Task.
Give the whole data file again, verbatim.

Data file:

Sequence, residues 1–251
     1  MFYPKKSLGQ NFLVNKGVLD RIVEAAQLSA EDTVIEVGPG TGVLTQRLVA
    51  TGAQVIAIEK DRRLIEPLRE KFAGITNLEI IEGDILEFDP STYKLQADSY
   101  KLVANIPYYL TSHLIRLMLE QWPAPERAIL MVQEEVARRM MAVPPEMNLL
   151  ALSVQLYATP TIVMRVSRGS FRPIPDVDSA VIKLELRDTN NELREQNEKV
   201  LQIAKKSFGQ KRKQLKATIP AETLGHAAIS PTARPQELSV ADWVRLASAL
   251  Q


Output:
Sequence, residues 1–251
     1  MFYPKKSLGQ NFLVNKGVLD RIVEAAQLSA EDTVIEVGPG TGVLTQRLVA
    51  TGAQVIAIEK DRRLIEPLRE KFAGITNLEI IEGDILEFDP STYKLQADSY
   101  KLVANIPYYL TSHLIRLMLE QWPAPERAIL MVQEEVARRM MAVPPEMNLL
   151  ALSVQLYATP TIVMRVSRGS FRPIPDVDSA VIKLELRDTN NELREQNEKV
   201  LQIAKKSFGQ KRKQLKATIP AETLGHAAIS PTARPQELSV ADWVRLASAL
   251  Q